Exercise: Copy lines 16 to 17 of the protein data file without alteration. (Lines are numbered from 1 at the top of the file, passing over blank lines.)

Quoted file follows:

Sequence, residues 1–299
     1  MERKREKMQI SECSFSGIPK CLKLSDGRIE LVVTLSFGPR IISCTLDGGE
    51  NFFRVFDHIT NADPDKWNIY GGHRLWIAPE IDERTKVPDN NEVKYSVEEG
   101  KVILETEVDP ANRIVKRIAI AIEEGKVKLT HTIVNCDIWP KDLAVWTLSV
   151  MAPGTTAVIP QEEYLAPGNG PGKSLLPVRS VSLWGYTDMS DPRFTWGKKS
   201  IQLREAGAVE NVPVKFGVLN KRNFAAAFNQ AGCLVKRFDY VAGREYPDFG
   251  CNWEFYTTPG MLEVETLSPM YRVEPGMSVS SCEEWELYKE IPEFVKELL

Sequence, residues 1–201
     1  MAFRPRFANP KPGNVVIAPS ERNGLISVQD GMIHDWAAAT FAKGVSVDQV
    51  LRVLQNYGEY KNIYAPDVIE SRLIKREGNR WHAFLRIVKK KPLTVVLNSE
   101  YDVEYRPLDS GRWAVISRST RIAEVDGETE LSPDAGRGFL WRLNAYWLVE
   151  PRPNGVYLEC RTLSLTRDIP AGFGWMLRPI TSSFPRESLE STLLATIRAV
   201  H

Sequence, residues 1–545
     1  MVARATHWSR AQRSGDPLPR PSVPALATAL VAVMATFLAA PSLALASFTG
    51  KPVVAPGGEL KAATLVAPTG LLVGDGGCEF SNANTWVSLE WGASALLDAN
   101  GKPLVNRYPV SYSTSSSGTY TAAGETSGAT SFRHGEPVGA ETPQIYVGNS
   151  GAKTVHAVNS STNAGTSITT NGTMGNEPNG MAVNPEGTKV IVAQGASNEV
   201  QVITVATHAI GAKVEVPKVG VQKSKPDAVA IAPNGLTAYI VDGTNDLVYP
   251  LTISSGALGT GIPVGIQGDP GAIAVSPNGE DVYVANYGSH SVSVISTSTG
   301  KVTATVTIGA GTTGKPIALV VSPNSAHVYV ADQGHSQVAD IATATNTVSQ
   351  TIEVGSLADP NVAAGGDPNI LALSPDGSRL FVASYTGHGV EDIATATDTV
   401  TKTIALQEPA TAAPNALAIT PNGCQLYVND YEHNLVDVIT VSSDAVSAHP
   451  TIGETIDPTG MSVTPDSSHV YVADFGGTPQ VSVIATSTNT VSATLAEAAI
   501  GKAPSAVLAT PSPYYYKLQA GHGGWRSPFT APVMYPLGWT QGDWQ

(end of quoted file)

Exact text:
    51  KPVVAPGGEL KAATLVAPTG LLVGDGGCEF SNANTWVSLE WGASALLDAN
   101  GKPLVNRYPV SYSTSSSGTY TAAGETSGAT SFRHGEPVGA ETPQIYVGNS